I mean, everyone seems to love the money from Uncle Sam these days.

BUSSEY:  Yes, low interest rates and government spending.

And I think that that’s what’s run the Dow up and the S&P up the way that
it has…

CAVUTO:  Right. Right.

BUSSEY:  … is the expectation that there will finally be a stimulus deal,
and that interest rates are going to stay low.

At the same time, these same economic advisers, Neil, are facing a
ballooning deficit. And, at some point, they’re going to have to contend
with that. The Republicans are worried about sort of tax increases on both
companies and individuals in the form of cap gains taxes.

President Trump took the corporate tax rate from 35 percent down to 21
percent. Biden is talking about raising it to 28 percent. It’s really
unclear how much of that tax increase or that tax decrease actually
benefited the economy.

Our Richard Rubin has written on this, that there was a sort of an initial
kind of uptick in capital spending by companies, but not enough to pay for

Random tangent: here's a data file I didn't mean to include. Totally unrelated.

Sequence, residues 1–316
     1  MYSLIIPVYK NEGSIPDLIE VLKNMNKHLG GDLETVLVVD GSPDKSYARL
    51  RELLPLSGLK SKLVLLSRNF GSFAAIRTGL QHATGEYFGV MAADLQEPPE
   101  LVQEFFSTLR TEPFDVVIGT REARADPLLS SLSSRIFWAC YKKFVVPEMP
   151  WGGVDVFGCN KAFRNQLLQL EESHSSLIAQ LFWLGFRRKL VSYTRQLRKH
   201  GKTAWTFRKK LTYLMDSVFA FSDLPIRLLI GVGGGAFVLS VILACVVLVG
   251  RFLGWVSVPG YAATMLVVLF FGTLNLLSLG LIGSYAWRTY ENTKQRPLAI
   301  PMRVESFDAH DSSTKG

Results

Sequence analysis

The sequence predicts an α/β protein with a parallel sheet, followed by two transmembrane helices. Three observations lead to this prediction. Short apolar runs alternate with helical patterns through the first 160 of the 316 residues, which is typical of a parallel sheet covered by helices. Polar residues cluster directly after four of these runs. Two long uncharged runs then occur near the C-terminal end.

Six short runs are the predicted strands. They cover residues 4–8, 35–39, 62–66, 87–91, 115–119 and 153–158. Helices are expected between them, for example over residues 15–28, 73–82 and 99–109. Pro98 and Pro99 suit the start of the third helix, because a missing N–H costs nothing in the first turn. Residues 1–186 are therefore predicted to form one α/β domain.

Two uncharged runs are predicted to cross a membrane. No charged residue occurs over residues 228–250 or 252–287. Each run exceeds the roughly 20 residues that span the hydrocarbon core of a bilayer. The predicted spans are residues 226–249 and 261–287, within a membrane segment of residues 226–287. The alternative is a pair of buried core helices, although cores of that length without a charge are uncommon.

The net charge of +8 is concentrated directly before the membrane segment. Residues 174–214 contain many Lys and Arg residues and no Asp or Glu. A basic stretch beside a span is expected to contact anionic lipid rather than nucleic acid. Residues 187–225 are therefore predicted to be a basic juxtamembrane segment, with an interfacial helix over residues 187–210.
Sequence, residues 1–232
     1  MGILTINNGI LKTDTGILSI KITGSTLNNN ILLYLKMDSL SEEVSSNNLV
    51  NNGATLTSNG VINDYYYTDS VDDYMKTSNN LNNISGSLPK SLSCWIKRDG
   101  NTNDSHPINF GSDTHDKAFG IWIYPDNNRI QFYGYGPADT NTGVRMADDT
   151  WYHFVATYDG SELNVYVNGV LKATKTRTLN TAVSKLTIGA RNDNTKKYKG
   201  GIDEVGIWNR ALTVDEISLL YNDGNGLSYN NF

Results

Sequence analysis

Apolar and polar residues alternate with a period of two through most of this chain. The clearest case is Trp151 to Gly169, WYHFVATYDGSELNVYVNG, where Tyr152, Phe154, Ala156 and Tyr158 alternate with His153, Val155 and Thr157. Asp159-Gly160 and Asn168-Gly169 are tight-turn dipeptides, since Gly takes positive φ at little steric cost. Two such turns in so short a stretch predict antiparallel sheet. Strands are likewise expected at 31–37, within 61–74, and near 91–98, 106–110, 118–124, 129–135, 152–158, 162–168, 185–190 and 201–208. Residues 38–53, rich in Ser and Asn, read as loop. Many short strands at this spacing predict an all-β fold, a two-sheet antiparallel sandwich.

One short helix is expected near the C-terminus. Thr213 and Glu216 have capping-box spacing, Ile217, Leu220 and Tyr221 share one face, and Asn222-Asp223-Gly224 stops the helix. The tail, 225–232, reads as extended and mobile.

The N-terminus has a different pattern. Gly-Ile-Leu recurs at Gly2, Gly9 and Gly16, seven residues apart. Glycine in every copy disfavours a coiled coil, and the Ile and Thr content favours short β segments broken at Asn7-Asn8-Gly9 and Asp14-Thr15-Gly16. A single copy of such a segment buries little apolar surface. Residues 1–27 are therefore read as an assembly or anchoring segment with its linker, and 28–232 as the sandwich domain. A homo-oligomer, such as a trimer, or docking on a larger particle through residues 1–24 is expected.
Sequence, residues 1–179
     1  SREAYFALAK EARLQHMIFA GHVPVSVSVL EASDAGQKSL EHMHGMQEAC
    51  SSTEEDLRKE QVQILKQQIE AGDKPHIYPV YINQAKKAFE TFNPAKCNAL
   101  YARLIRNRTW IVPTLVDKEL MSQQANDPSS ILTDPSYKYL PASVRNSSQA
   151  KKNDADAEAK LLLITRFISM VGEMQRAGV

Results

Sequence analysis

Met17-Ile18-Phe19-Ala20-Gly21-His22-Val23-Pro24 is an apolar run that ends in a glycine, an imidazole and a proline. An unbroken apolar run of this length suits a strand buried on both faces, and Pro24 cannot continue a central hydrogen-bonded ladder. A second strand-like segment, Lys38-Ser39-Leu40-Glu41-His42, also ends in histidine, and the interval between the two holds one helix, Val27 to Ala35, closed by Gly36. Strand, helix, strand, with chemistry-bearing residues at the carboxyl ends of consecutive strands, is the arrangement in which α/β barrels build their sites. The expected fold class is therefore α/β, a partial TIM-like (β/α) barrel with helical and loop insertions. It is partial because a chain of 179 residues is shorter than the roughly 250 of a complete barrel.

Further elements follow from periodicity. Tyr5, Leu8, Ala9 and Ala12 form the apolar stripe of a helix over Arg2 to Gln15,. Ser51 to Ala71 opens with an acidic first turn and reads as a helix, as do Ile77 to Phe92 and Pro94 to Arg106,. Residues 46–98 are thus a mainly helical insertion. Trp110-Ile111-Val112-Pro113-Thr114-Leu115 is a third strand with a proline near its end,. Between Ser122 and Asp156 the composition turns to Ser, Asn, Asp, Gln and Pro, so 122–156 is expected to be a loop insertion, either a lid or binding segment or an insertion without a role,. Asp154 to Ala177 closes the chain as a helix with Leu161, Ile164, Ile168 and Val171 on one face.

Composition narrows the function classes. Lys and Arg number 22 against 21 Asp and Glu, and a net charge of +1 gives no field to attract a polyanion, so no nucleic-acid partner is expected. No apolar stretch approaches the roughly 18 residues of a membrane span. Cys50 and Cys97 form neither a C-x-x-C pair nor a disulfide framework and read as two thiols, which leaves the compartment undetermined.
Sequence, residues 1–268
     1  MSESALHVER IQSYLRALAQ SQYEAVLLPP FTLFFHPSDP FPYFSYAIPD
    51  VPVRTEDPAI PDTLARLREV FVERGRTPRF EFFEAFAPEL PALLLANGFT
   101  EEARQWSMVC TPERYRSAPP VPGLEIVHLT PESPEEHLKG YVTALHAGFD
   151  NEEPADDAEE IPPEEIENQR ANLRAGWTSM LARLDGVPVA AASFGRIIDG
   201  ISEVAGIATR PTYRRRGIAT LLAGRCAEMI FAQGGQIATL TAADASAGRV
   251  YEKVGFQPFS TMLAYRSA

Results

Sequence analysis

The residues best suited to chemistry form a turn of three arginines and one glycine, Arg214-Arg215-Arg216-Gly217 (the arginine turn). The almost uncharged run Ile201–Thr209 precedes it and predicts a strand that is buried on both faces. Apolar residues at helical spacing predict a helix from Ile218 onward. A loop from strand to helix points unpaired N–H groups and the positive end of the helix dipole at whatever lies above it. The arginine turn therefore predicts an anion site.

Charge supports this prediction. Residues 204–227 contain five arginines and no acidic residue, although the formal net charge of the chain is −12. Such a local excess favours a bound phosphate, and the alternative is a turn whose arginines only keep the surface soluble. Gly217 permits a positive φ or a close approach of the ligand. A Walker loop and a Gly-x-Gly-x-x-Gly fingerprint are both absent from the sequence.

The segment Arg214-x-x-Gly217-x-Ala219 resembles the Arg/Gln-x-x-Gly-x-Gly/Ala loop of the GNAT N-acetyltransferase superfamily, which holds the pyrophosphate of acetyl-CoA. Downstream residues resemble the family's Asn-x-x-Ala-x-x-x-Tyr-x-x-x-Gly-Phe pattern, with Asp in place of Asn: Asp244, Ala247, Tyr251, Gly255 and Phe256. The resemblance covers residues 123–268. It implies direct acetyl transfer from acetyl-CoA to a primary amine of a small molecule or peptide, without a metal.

the tax cuts. It didn’t stimulate the economy enough to pay for the tax

And a lot of the money went into stock buybacks, record level of stock
buybacks. Part of that may have been the fact that these corporate chiefs
were looking out over the horizon, and they realized the Democrats had not
supported the tax reduction, and they were worrying about 2020, the
Democrats coming back in the White House, which is what has happened.

And so they were hedging their bets. They didn’t want to spend a lot of
their cap — their lower tax money, their gains from that on CapEx, that
they would have to amortize that over years. So this is going to be — it’s
going to be very interesting to watch.

It’s going to be a sort of play against the — kind of the self-interest of
Wall Street and the broader direction that Biden wants to take the economy.

CAVUTO:  All right, well-explained.

John Bussey, thank you very, very much. I hadn’t thought of that. You hold
back on some of this other stuff just in case you’re going to see a switch